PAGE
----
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Dare to Be the Real You

September 2nd, 2012 by Sherry Collier

Knowing where you energy comes from and how your particular brain needs to process information is incredibly valuable to the quality of your relationships, your career, your business and your life as a whole.  Once you know your own preference about energy-source and information processing, you will understand your own needs better and be able to manage your life and your health.  You will also understand the needs of your loved ones better and how to work with them if they are opposite from you in this aspect of personality.

In the Myers-Briggs Type Indicator (MBTI®) the first aspect of personality that is assessed is that of Extravert/Introvert.  Myers-Briggs defines these two words differently than the dictionary, so here are the working definitions:

Introverted type – someone who needs time alone in order to re-energize.  They need to be able to process information internally.
Extraverted type – someone who needs to be with people in order to re-energize.  They need to be able to process information externally.

If you are an Introverted type  – you may be a person who likes to process thoughts and feelings quietly within yourself and might also appear to be “shy” at times, but this is not necessarily the case.  The Introverted type receives energy from alone time and is more adept at solving problems if they have time alone to think about them.  When at a gathering or party the Introverted type may speak with only a few people, but more in depth.  As an Introverted type, you may actually feel drained after a big party or event where you have been required to interact with others for a sustained amount of time.  The Introverted type will need to carve out time and space to get alone and re-charge their batteries throughout the day.

If the Introverted type is in a business role that demands a lot of interaction with people, they may want to consider hiring an Extraverted type to help them with the more extroverted tasks.  If they are in a relationship with an Extraverted type, they need to understand that the Extravert is not being egotistical by talking about themselves a lot – they just need to keep their thoughts and feelings moving by talking out loud.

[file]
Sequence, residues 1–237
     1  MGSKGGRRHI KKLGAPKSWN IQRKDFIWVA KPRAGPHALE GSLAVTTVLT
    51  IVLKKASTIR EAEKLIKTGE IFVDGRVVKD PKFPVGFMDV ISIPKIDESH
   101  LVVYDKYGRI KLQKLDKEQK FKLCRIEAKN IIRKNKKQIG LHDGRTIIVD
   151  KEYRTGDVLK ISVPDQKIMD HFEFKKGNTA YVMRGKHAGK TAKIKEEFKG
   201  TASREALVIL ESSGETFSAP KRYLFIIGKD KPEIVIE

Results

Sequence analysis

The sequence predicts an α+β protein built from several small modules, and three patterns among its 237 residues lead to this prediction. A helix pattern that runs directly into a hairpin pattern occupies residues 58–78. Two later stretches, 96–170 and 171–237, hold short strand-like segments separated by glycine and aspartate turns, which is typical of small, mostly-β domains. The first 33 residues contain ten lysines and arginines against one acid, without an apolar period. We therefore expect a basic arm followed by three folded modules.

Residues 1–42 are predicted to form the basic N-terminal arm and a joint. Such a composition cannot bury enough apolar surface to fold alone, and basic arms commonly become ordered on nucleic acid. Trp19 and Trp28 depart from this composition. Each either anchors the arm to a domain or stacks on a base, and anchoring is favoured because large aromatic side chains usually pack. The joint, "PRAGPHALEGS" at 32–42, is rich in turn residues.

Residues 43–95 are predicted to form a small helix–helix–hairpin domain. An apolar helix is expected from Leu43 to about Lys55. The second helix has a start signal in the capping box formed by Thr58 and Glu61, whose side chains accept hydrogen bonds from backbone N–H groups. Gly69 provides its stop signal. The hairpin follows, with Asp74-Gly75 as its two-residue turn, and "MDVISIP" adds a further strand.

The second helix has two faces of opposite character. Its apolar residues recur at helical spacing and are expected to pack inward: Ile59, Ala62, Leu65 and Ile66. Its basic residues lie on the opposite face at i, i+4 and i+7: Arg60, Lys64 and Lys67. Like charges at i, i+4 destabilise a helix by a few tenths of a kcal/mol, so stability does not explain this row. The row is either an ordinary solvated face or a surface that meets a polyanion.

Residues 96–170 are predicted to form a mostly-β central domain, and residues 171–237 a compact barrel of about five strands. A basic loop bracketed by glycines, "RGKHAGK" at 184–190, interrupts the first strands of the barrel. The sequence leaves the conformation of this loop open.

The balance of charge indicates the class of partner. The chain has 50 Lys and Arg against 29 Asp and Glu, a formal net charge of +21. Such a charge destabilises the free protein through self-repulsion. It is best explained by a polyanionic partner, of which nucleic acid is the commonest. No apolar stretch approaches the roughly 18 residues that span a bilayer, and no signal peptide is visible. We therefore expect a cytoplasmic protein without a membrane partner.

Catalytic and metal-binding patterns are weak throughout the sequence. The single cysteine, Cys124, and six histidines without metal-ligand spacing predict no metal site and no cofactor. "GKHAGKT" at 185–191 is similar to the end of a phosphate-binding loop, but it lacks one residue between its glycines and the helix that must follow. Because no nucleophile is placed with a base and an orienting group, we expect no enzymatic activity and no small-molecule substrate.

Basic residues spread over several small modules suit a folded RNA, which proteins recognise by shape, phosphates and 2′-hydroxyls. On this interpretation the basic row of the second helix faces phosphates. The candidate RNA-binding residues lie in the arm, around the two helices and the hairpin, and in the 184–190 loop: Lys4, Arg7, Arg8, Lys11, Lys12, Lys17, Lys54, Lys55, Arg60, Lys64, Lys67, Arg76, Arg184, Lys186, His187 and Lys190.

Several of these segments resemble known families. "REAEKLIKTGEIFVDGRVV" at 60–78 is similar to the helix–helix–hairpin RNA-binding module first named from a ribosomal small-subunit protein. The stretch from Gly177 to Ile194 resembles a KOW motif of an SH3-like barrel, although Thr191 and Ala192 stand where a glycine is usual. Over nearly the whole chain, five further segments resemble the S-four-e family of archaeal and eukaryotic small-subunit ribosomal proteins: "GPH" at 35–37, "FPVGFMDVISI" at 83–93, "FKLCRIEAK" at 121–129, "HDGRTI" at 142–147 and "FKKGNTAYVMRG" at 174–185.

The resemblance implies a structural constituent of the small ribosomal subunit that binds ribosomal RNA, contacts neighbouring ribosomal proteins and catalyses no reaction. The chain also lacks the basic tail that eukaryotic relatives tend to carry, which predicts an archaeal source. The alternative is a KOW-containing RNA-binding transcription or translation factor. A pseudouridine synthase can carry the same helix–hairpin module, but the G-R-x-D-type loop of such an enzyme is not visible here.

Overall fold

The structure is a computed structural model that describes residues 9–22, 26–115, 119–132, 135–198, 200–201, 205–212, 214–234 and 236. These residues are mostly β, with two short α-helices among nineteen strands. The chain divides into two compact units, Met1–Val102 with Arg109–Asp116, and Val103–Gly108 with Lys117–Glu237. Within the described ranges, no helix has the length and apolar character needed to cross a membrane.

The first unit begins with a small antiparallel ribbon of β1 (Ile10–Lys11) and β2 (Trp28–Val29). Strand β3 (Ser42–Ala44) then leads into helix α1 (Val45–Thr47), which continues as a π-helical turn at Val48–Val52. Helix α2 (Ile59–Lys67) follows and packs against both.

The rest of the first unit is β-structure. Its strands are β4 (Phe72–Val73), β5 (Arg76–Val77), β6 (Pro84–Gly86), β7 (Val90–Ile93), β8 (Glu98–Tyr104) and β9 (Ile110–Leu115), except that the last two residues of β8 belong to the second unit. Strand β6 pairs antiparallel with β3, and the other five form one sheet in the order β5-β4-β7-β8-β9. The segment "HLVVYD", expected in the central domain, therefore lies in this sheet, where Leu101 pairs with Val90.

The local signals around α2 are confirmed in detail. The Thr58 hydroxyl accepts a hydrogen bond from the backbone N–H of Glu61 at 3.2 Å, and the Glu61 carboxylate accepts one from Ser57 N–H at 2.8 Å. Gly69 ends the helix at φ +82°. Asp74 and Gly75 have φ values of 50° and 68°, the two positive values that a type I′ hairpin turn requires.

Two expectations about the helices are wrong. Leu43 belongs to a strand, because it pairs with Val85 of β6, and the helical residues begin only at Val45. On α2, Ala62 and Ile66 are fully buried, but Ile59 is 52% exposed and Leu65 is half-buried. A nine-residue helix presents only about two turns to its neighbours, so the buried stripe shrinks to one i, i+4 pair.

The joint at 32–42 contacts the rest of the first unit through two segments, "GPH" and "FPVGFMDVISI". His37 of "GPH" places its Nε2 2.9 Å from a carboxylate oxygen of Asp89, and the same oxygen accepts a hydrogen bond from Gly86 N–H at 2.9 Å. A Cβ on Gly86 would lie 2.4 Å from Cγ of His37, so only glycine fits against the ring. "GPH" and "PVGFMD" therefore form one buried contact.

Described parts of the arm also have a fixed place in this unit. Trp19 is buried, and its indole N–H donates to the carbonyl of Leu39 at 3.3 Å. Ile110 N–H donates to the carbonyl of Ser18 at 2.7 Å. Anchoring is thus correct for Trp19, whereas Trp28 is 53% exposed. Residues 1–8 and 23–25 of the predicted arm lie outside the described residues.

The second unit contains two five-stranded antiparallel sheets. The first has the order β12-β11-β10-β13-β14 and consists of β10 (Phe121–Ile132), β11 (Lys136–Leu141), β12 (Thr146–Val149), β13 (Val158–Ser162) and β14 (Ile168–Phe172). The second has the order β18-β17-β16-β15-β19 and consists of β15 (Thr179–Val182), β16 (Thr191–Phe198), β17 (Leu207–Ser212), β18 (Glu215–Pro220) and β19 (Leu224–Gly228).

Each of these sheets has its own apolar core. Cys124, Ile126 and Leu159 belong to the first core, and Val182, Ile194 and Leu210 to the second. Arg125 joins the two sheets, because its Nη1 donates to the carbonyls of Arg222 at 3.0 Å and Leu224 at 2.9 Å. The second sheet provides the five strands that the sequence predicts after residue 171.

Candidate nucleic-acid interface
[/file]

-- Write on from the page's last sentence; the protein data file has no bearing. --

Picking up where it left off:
If you are an Extraverted type you are a person who likes to talk about your feelings and thoughts out loud with another person or people.  The Extravert’s brain functions best when processing ideas, thoughts, and feelings out loud and getting others’ feedback (both verbal and non-verbal).  They are feeling most energized when they are with people and should be careful to surround themselves with other positive people each day.  The Extraverted type will also benefit from alone time, but really needs to balance that with people time as they are more prone to depression if isolated.

The Extravert will talk to many different people at a gathering or party and comes across as outgoing.  Extraverts are good at drawing people out and asking them questions to get a conversation started, but they might not be as prone to having deep conversations at a party or gathering as would the Introverted type.